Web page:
The Bourne Legacy
Although it has less of its predecessors’ fast-twitch action, this long awaited installment in the Robert Ludlum-created “Bourne” movie franchise keeps the audience engaged before sending them to the edges of their seats during its exhilarating climax. Jeremy Renner does an admirable if not comfortable job taking over Matt Damon’s place as the leading-man face of the spy-thriller series. Aaron Cross (Renner) is a superspy hopped up on body-and-brain enhancing meds that make him able to perform complicated tasks at an accelerated level of performance.
Director/co-screenwriter Tony Gilroy fumbles with establishing narrative inertia in the film’s first act. Cross is busy completing a solo endurance test across a snowy mountain range just as his faceless white-collar CIA bosses in Virginia are shuttering the experimental project of which Aaron Cross is its most resilient guinea pig. Edward Norton’s single-minded character Eric Byer heads up the methodical operation. Poisonous pills are being distributed to Cross’s fellow superspies. Drone attacks also help diminish their number. Realizing he’s on the hit list, and in need of his special blue and green pills, Cross seeks out his regular check-up doctor — Dr. Marta Shearing (Rachel Weisz). She needs his help as much as he needs her because — you guessed it — the boys from D.C. are looking to rub her out too.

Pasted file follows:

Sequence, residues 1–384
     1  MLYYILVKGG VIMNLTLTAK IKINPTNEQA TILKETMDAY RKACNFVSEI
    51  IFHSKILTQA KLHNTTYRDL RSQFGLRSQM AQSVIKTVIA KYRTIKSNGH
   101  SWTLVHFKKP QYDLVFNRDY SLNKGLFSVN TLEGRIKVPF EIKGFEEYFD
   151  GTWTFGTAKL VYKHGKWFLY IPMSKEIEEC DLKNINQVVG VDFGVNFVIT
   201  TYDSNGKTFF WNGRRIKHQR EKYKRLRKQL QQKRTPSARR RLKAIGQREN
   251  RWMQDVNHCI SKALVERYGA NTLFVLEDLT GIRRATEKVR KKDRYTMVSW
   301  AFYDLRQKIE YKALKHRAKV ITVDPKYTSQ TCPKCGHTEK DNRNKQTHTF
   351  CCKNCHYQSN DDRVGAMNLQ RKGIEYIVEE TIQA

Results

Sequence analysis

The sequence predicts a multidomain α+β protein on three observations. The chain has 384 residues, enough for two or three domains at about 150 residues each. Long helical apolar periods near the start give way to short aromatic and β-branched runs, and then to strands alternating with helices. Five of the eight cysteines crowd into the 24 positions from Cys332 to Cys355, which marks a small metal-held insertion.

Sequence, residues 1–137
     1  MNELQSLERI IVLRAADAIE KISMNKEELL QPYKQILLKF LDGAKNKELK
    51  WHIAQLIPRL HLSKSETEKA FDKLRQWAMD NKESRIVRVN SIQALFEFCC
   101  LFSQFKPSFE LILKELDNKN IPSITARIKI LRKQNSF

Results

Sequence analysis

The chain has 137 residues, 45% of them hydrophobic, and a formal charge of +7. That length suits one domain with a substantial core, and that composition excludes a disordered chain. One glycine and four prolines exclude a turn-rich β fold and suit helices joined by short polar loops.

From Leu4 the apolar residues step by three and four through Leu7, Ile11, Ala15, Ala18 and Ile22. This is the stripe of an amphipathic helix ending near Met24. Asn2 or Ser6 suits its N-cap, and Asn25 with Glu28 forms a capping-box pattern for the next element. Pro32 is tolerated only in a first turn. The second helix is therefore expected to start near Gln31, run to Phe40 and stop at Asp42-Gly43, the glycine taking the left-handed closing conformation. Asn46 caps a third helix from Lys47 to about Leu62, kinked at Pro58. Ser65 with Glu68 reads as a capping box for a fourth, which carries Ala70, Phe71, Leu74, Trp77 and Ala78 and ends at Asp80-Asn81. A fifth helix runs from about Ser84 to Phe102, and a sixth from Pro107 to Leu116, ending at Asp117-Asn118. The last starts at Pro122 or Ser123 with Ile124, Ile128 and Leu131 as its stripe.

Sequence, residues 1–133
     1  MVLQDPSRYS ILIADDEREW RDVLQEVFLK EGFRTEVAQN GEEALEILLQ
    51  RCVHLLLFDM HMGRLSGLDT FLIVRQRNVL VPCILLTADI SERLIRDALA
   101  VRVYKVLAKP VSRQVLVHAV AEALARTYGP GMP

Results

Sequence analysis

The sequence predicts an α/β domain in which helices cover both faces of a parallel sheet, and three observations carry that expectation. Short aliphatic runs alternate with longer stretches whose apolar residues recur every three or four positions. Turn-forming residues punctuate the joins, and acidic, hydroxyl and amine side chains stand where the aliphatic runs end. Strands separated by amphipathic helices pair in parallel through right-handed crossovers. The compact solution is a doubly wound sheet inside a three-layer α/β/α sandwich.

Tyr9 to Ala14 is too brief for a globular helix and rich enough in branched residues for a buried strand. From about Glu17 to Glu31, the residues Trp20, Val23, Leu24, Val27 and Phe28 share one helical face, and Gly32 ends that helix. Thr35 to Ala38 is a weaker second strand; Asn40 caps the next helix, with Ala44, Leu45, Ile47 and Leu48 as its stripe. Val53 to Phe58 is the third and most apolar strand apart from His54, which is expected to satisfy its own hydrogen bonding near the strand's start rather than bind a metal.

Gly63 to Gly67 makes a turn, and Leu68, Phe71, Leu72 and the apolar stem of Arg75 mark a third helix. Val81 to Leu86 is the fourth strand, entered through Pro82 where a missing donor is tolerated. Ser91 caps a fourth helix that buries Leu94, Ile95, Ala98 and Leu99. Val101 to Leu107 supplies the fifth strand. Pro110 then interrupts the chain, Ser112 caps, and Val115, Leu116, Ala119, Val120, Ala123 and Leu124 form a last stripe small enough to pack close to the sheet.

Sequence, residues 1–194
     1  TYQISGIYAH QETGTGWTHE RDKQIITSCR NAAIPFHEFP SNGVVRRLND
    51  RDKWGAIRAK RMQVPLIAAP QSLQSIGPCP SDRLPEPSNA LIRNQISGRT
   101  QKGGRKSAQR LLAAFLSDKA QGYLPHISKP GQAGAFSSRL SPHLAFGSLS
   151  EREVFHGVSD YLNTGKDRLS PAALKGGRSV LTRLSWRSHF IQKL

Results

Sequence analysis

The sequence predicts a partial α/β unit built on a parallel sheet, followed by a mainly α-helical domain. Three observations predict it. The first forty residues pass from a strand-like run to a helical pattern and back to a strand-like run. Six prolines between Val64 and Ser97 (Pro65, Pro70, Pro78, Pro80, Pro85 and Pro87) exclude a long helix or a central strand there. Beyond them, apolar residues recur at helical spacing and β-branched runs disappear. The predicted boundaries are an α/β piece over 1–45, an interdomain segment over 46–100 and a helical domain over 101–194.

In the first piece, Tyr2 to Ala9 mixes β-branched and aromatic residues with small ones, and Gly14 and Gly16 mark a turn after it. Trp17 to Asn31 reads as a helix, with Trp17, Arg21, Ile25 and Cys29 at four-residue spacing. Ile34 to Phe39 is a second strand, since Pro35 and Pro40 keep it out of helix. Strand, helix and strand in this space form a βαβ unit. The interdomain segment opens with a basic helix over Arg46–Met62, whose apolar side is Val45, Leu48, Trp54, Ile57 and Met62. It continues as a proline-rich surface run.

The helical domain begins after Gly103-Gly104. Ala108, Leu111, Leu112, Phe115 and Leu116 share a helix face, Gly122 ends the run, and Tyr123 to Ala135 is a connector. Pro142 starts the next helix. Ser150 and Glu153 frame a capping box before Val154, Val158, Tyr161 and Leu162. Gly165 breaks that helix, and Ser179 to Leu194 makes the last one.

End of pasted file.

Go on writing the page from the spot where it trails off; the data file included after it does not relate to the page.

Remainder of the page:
Romantic sparks never quite ignite between Renner and Weisz. Still, the actors play well off one another. Their carefully executed escape out of the U.S. to Manila has plenty of gritty intrigue to keep your attention. “The Bourne Legacy” is a better than competent spy thriller that pays off on its promise to push up the spectator’s blood pressure. The closing chase-scene is worth the price of admission. The early Bourne films could be credited with putting fire in the belly of the once-flagging James Bond franchise. Now, with Daniel Craig in as 007, and Matt Damon out as Jason Bourne, there isn’t much competition around.
Rated PG-13. 125 mins. (B-) (Three Stars - out of five/no halves)